Growing up with a father in the Air Force, Jordan Toellner was constantly moving. When he turned 20, he joined the Navy, which led to tours in Bahrain, Baltimore and the Bahamas. By the time he was 30, he had never put down long-term roots.
Mr. Toellner, now 32, met Barton Lynch while both were living in Washington, D.C. Mr. Lynch, now 28, is a corporate communications consultant, and Mr. Toellner was serving as an aide to the secretary of the Navy in the Pentagon. They married in 2019. Two years later, the Navy reassigned Mr. Toellner to San Diego, allowing the couple to stay put for the remainder of his military career.
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Neither knew much about San Diego. Mr. Lynch, who grew up in Lexington, Ky., had never even been there. After perusing apartments online, they rented a two-bedroom, two-bath apartment in the city’s East Village, in the center of downtown, for $3,200 a month. They loved the location — Mr. Toellner had an easy trolley commute to San Diego’s naval base, and they were near the Hillcrest neighborhood, the heart of the city’s gay community.
All was well until their landlord informed them that he planned to raise their rent by 20 percent, which would have pushed it uncomfortably close to Mr. Toellner’s monthly military housing stipend of $3,900.
“The apartment we were in was nice, but it was not worth $4,000,” he said. “We started to look at renting other apartments, but as soon as we saw them on Zillow, we would call and be told there were 10 people in line in front of us. So we decided to look at buying.”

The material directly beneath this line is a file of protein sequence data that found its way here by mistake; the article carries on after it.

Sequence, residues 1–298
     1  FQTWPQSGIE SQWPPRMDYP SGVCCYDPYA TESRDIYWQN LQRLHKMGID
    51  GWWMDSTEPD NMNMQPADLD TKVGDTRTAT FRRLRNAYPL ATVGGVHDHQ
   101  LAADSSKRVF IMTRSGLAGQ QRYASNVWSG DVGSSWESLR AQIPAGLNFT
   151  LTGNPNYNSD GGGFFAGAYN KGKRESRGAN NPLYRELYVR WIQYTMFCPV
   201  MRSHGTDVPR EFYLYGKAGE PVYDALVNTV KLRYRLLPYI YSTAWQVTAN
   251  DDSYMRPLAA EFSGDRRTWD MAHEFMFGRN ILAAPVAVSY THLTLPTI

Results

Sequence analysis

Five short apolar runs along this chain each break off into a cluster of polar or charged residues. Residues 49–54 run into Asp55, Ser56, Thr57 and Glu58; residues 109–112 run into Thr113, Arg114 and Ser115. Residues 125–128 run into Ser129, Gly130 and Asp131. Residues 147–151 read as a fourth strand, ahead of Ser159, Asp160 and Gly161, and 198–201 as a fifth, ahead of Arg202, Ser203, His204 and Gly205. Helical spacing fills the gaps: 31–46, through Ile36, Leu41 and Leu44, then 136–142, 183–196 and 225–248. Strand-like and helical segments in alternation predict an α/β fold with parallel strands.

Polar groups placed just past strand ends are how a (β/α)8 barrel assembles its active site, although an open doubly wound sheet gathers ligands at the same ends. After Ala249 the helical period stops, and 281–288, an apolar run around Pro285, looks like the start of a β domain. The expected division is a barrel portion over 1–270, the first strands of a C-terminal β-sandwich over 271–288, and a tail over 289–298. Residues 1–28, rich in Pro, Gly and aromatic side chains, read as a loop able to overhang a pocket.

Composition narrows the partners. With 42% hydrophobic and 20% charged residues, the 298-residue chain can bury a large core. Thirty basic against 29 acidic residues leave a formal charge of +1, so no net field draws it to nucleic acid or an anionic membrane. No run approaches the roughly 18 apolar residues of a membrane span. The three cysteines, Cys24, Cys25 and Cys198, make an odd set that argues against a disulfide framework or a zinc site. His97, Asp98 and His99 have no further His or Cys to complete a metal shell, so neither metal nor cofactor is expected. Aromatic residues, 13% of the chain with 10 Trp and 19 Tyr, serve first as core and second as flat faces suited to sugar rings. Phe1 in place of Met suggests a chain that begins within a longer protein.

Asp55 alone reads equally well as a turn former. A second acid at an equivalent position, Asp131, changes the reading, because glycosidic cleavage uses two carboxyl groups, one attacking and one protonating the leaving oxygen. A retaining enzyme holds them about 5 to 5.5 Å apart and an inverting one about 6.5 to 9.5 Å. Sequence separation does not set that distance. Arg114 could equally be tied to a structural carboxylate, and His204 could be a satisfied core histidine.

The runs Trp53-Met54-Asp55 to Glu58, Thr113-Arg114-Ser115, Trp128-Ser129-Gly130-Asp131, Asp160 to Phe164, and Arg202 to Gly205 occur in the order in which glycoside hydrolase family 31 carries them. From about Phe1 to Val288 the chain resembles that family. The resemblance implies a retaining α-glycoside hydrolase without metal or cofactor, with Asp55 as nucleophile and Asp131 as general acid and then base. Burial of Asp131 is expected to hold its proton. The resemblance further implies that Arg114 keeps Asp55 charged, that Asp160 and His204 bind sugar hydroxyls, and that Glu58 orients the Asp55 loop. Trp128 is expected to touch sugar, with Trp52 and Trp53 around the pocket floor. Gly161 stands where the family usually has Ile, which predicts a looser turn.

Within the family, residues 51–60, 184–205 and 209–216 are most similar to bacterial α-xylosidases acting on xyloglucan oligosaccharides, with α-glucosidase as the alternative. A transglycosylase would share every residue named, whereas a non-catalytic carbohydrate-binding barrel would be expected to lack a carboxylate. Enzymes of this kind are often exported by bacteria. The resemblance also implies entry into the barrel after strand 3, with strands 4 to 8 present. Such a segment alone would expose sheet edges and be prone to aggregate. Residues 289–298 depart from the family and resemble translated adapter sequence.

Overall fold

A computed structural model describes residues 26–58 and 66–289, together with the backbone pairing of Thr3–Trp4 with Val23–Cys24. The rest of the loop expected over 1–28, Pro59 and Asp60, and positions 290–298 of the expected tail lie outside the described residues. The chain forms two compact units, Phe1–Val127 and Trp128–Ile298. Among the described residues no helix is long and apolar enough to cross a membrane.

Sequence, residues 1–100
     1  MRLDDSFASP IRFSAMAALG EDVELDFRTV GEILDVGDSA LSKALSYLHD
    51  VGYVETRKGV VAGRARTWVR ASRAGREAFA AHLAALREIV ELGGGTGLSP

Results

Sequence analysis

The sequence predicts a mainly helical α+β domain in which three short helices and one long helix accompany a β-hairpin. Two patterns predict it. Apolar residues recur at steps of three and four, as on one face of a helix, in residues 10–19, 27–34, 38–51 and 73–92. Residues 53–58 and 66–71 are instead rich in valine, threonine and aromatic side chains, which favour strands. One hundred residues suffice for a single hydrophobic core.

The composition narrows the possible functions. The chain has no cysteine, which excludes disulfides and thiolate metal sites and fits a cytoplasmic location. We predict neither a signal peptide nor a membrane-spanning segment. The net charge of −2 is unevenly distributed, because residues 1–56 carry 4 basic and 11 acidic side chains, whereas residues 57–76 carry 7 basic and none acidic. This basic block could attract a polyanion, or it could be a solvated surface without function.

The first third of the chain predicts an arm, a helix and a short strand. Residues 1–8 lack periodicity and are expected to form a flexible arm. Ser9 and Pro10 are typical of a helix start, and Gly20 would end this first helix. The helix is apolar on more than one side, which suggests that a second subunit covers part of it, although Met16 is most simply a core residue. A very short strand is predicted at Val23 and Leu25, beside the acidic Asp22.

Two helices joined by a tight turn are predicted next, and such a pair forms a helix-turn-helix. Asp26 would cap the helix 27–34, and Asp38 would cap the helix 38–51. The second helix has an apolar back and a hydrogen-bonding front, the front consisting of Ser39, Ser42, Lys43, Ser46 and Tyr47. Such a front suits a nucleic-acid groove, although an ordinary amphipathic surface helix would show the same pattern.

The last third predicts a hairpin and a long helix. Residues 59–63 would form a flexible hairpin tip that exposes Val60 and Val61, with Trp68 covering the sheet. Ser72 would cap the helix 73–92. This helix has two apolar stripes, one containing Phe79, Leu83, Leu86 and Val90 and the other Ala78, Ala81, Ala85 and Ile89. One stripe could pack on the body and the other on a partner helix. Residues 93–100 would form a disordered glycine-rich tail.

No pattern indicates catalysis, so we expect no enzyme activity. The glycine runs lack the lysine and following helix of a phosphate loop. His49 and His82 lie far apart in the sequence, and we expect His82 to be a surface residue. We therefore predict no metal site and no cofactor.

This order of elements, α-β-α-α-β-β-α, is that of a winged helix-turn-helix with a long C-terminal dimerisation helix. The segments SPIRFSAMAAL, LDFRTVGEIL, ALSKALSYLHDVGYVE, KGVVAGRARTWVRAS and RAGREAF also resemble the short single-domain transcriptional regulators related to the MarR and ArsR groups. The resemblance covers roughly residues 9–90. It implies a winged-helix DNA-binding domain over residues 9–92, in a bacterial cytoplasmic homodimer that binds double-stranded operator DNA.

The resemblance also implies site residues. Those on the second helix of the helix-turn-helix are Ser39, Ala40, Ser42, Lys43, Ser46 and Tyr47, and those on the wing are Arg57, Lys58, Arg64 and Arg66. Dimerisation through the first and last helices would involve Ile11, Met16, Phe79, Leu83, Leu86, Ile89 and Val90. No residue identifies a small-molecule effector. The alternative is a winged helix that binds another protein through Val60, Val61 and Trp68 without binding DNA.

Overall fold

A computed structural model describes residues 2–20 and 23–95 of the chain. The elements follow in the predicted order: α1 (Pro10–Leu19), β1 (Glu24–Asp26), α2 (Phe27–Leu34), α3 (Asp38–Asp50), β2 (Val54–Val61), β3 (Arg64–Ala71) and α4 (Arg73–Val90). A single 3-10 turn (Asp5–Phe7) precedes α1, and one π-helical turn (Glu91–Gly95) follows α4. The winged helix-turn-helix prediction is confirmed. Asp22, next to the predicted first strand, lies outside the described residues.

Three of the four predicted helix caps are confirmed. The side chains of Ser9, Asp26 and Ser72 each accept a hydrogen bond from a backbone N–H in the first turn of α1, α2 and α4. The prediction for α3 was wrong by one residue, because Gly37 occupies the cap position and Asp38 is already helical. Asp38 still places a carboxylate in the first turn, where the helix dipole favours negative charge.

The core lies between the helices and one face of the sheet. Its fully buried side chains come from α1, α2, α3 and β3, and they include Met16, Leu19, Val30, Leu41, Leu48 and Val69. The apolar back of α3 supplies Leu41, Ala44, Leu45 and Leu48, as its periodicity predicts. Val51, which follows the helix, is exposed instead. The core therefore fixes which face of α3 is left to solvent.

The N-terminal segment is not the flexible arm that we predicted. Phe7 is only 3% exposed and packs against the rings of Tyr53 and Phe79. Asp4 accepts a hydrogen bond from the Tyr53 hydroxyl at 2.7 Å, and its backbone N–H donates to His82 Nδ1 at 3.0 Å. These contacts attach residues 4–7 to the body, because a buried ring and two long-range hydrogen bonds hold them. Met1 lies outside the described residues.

Mr. Toellner qualified for a Veterans Affairs loan, which would have allowed the couple to buy a home without a down payment. But they both had some savings to work with, and while taking the V.A. loan would have covered the down payment, it also would have meant a higher monthly outlay. It was August 2022, and interest rates were rising. To keep the mortgage payments within range of the housing stipend, they decided to go for a conventional loan and put 10 percent down on a purchase of up to $650,000.
They knew that in San Diego’s heated housing market, that meant a condo rather than a single-family house. They wanted to stay close to downtown and Hillcrest, and were hoping for two full bedrooms and bathrooms, as well as an in-unit washer/dryer. Some outdoor space would be a plus. The pickings were slim.
“We would go on Zillow to search houses, put in all our filters, and then be like, ‘Oh, one result!’” Mr. Lynch said.
They contacted Gizem Keskin, a real estate agent with Coleman Homes Real Estate, who helped guide them through the market. “Although it was their first experience of buying a home, from the decision of the home to putting in the offer to closing escrow, they were both very open-minded about the options they faced,” Ms. Keskin said.
Among the properties they considered:
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